>> information how many elements do string have.

    >
    > What do you mean by "both" here? A zero value designates the
    > first character of the string, or indicates that the length of
    > the string is 0. The maximum value is used as a sentinal:
    > std::string::size will never return it. The only functions
    > which do return it are those which look for something, and they
    > use it as a special value, to indicate that they didn't find
    > what they were looking for.
    >
    >> The 0xFFFFFFFF or -1 indicates that data in the string is not
    >> found or is not valid.

    >
    > (Just a nit, but 0xFFFFFFFF is *not* -1. They're two different
    > values.)
    >
    >> Let’s discuss substr() function. The substr() function’s
    >> first parameter must always have minimum size_type and maximum
    >> size_type.

    >
    > The first argument must be in the range [0...s.size()], where s
    > is the string you're concerned with. It specifies the index of
    > the first character in the substring you want.
    >
    >> If 0xFFFFFFFF or -1 is detected, then exception will be
    >> thrown.

    >
    > (Again, -1 cannot be detected, because it cannot be represented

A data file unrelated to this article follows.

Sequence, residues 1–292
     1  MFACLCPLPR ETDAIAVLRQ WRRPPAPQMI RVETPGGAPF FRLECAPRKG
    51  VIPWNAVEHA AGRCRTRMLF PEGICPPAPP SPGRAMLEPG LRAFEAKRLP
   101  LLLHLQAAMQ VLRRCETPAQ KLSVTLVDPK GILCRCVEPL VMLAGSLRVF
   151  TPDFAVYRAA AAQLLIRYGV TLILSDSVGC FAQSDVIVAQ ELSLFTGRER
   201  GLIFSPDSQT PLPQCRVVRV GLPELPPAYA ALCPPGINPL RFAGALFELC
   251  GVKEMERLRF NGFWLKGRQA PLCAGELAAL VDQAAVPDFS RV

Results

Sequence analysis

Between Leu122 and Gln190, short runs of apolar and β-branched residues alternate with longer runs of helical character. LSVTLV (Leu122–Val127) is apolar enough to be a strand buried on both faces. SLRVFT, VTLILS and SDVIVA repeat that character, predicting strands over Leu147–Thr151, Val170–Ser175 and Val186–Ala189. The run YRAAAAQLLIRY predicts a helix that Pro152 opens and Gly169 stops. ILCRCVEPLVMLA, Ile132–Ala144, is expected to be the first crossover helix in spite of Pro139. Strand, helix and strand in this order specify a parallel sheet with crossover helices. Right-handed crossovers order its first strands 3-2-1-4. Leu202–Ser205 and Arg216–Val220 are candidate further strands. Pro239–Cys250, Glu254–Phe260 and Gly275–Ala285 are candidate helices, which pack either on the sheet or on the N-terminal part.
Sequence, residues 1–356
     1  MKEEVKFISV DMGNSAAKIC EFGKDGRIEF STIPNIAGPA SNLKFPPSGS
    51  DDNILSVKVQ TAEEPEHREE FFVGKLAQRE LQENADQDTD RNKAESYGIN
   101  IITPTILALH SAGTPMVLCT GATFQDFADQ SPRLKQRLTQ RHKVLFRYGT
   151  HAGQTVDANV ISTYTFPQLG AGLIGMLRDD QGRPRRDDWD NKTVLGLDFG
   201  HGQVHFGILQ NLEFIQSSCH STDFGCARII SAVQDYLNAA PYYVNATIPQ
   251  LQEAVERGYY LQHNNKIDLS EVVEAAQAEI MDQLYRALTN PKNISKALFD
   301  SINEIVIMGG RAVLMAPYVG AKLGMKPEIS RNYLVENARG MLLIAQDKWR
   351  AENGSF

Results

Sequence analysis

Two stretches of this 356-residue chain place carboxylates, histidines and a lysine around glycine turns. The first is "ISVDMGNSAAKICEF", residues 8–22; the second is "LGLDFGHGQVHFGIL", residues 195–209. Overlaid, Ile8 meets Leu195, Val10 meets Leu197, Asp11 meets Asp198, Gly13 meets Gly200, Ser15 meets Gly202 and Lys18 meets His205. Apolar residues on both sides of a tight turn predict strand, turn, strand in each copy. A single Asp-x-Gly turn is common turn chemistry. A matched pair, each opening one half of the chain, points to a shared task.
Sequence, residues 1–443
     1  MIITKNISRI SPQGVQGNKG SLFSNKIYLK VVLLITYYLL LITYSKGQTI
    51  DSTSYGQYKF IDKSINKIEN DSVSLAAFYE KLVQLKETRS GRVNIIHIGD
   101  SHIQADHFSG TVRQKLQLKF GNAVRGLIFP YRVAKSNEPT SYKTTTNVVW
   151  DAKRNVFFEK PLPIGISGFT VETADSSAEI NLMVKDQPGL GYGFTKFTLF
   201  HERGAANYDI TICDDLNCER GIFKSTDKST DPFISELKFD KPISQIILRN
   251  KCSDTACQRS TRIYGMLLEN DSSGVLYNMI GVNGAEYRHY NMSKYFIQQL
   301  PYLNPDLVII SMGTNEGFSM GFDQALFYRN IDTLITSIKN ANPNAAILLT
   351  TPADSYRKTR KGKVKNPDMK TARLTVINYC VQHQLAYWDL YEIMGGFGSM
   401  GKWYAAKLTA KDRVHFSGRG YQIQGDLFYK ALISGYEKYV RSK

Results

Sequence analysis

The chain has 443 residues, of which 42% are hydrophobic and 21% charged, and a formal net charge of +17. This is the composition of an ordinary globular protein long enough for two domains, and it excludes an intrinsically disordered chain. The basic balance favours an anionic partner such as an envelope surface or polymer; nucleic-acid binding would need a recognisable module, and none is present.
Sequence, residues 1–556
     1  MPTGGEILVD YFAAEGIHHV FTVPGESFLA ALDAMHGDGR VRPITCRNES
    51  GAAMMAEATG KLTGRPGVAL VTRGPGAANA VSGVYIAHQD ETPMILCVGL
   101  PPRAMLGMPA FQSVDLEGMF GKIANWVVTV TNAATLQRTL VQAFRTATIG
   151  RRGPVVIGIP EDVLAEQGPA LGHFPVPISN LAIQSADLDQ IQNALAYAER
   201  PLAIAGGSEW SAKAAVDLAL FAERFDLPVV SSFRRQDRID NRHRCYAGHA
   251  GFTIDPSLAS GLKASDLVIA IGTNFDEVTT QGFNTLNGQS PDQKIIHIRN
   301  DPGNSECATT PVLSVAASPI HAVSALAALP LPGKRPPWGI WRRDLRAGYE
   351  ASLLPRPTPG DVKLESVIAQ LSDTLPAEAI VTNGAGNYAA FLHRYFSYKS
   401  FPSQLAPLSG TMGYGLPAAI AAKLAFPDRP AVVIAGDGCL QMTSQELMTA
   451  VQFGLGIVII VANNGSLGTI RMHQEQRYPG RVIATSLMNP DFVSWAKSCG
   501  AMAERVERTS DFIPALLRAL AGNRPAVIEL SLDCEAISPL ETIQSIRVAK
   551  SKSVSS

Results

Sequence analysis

> on the type of the argument.)


    My copy of the standard, or my most recent copy of a working draft
    explicitly initializes static const size_type npos = -1;

    LR
     
    LR, Feb 1, 2010
    #10
  11. Immortal Nephi

    LR Guest

    James Kanze wrote:
    > On 31 Jan, 21:19, LR <> wrote:
    >> Immortal Nephi wrote:

    >
    > [...]
    >> I think this will work:

    >
    >> const std::string
    >> data = std::string("Hello ") + '\0' + std::string("World");

    >
    > An even simpler solution might be:
    > std::string const data( "Hello \0World", 12 );


    I didn't think of that, but I hate to count things since I think it
    makes maintenance more difficult.

    LR
     
    LR, Feb 1, 2010
    #11
  12. LR wrote:
    > James Kanze wrote:
    >> On 31 Jan, 21:19, LR <> wrote:
    >>> Immortal Nephi wrote:

    >> [...]
    >>> I think this will work:
    >>> const std::string
    >>> data = std::string("Hello ") + '\0' + std::string("World");

    >> An even simpler solution might be:
    >> std::string const data( "Hello \0World", 12 );

    >
    > I didn't think of that, but I hate to count things since I think it
    > makes maintenance more difficult.
    >
    > LR


    Presumably then you could do something like:
    const char blah[] = "Hello \0World";
    const std::string data(blah, sizeof(blah));

    James
     
    James Lothian, Feb 1, 2010
    #12
  13. Immortal Nephi

    James Kanze Guest

    On Feb 1, 4:28 am, LR <> wrote:
    > James Kanze wrote:
    > > On 31 Jan, 21:19, LR <> wrote:
    > >> Immortal Nephi wrote:


    > > [...]
    > >> I think this will work:


    > >> const std::string
    > >> data = std::string("Hello ") + '\0' + std::string("World");